Could it be more generally applied in the future do you think? You talked about “Mass Flourishing” and dynamism at the economy level, at the national level, but perhaps it’s the future of growth on a broader basis. Not just for outliers which is true today but more entrepreneurs might be able to harness generativity in the future do you think?
It’s very difficult to achieve the combination of generative products and generative marketplaces. In general, everybody out in the entrepreneurship world, in the Silicon Valley tech world, everyone knows that these marketplace businesses are very attractive, because the problems and the solutions are basically taken care of by the demand side and supply side and you basically just benefit as the orchestrator of the market or the governor of the market. So these business models are known to be very valuable, very lucrative. Although I would say maybe it’s not as recognized that generative markets are have the potential to be much more lucrative than non-generative markets. So for example, the profits that Apple and Google make from the Apple Store or the Android Play Store as marketplaces, or the profits that Amazon makes from its generative marketplace. I don’t think that a firm with non-generative marketplace, say like the Ubers of the world, I don’t think they can easily reach that level of profitability.
Because in the end, the Ubers of the world are very much allocative marketplaces, their main goal is to increase the efficiency of resource allocation in the world. And they will profit for as long as there is inefficient allocation in the particular market that they’re operating in. But generative markets are not just about resource allocation, so they’re not limited by the extent of allocation inefficiency that’s out there. They have unbounded potential for growth, because every time somebody comes up with an idea or innovation, they benefit from it. One of my favorite examples is that that game that came became popular on mobile devices a few years ago, it was called Flappy Bird. I think one student in Vietnam just sat down and wrote a fun mobile app game to play and the game went viral and got so many users to play and purchase that and it was making a lot of money. I think it was on the Android Market. Google was benefiting or if it was on iOS as well, then Apple was benefiting as well. Both benefiting without having to even think about or having to even be in the game business. They were benefiting from this idea for an innovative game that someone across the world had developed in their spare time.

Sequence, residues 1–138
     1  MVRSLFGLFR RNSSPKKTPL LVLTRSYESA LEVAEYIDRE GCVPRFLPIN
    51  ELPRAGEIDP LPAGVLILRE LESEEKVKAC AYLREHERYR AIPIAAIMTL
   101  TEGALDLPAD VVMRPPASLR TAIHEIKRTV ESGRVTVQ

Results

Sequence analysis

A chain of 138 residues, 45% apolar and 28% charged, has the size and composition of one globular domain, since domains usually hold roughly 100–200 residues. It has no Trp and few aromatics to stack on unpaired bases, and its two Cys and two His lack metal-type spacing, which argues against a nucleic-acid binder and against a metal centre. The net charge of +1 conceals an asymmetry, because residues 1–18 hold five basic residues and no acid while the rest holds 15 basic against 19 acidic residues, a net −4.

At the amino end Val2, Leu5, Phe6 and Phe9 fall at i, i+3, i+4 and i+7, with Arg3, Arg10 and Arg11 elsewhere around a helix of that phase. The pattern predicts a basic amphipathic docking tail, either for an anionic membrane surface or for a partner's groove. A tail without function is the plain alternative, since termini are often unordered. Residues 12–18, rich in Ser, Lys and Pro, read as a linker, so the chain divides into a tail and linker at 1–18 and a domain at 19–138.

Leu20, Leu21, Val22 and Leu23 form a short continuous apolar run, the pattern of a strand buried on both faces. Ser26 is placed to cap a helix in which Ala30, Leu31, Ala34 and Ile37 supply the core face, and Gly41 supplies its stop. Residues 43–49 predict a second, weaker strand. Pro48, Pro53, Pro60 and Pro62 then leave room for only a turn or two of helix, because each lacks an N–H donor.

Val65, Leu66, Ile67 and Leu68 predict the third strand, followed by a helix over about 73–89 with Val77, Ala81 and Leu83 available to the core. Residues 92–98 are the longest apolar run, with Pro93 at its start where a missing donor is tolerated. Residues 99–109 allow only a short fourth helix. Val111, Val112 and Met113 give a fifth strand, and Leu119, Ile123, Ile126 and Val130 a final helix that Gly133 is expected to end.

Would TikTok be an example of generativity? You’ve got an immense number of users creating all kinds of different ways to generate videos and animations and things on TikTok. Is that an example?